This article covers the use of the if then else statement in VB.NET.
The VB.NET if then else statement executes a block of code,
if a specified condition holds returns
True. If the condition returns
False however the statement will end, or you can choose to have another block of code executed using the
VB.NET operators are used heavily in if then else statements to create the expressions that will return either True or False, especially comparison and logical operators.
Only the If and End If keywords here are actually required. The ElseIf and Else keywords are optional and can be skipped if not required.
If (condition) Then #Statement to be executed ElseIf (condition) Then # Optional #Statement to be executed Else: # Optional #Statement to be executed End If
A short example demonstrating it’s use, in it’s simplest form without any optional statements. Remember to close the If statement using the
End If line.
Dim a as Integer = 5 Dim b as Integer = 2 If (a > b) Console.WriteLine("a greater than b") End If
"a greater than b"
The else statement triggers if the condition(s) in the
if statement were/was false. (This includes any
elif statements that may be present). In simpler words, it’s a block that runs if all else has failed.
Dim b as Integer = 2 If (a > b) Console.WriteLine("a greater than b") Else: Console.WriteLine("b is greater than a") End If
We haven’t specified a value for
a here under the assumption that the user will be inputting a value.
Else If Statement
As mentioned before we may have multiple conditions in the if else statements. Using
Else If statements we can define multiple conditions, thus multiple routes that the program flow might take.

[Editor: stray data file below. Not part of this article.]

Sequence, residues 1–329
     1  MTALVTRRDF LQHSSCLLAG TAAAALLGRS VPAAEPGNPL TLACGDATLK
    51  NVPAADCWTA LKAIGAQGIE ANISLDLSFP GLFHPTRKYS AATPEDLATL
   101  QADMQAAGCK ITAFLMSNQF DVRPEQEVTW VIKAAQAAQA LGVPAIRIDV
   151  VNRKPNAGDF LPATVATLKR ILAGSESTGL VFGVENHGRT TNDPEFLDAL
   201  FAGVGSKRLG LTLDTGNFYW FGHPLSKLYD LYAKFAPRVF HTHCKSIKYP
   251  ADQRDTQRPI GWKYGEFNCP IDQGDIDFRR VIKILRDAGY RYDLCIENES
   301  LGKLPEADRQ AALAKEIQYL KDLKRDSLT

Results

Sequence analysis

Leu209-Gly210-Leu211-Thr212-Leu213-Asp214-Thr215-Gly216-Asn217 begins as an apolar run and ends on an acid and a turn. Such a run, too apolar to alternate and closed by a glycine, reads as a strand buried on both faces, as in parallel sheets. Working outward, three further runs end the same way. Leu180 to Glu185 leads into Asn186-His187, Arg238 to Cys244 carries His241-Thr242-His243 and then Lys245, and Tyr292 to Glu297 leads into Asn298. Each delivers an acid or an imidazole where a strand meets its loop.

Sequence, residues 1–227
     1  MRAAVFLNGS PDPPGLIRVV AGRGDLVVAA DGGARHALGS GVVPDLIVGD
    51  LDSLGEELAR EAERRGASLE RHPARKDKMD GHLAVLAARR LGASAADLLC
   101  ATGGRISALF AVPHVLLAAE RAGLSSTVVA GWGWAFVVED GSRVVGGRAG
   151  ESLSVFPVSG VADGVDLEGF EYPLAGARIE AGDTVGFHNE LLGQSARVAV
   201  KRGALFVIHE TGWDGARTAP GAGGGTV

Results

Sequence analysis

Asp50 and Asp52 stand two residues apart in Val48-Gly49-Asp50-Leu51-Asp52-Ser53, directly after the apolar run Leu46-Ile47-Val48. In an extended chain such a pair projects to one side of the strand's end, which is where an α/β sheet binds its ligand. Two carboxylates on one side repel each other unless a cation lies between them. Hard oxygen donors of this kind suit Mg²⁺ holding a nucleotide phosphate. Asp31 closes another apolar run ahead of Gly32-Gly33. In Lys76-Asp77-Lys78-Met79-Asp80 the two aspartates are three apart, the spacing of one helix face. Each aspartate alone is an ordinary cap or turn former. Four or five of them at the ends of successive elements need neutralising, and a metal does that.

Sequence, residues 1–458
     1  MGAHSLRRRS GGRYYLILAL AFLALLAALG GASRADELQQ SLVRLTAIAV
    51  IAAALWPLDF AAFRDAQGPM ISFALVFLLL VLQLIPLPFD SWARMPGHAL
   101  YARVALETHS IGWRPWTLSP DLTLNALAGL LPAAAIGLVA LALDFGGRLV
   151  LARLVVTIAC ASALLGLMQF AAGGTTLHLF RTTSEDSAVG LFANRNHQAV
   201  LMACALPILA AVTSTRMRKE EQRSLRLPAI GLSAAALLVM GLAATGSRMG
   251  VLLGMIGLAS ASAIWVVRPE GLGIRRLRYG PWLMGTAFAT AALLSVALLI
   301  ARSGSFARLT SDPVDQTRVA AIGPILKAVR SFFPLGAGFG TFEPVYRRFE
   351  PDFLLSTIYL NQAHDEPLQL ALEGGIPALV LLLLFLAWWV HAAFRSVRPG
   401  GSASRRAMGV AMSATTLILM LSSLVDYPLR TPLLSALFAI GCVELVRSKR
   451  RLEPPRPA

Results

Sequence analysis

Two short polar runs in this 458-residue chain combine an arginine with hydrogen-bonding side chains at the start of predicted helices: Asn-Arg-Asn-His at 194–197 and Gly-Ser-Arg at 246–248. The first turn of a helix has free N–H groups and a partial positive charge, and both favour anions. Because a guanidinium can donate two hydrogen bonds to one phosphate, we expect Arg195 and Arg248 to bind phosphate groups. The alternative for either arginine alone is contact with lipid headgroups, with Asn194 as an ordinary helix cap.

Keep in mind however that whatever happens, only one route can be taken. Only one out of the many code blocks will be executed. This applies to all the code blocks in a Python if else statements, including
else code blocks.
Examples for the
Else If statement will be shown further into this article.
The following examples utilizes all the possible keywords and statements in the VB.NET if then else statement.
Module Module1 Sub Main() Dim x As Integer = 5 If (x > 0) Then Console.WriteLine("A is positive") ElseIf (x < 0) Then Console.WriteLine("B is positive") Else Console.WriteLine("A is zero") End If End Sub End Module
The above if else then statement has two main conditions. One that triggers if the number
x is less than 0, and the second triggers if x is greater than zero. However, there is also an
else that triggers it neither of the above conditions returned
True. In this case, if
x was equal to zero.
Using Multiple Conditions and operators
Here we’ll discuss the use of multiple conditions in if else statements. Since we need to use operators to chain together two or more conditions, we’ll be discussing the use of logical and comparision operators here too.
The following code from the user two inputs and proceeds to use them in the if else statement below. Both conditions are chained together using the
AND logical operators, which returns
True only if both conditions are return
Module Module1 Sub Main() Dim Input1 As String = Console.ReadLine() Dim Input2 As String = Console.ReadLine() If (Input1 > 0) And (Input2 > 0) Then Console.WriteLine("A is positive") Else Console.WriteLine("Both Numbers are not positive") End If Console.Read() End Sub End Module
You can also use other operators besides AND, such as OR and XOR.
This marks the end of the VB.NET if else statement article. Any suggestions or contributions for CodersLegacy are more than welcome. Any questions can be asked below in the comment section.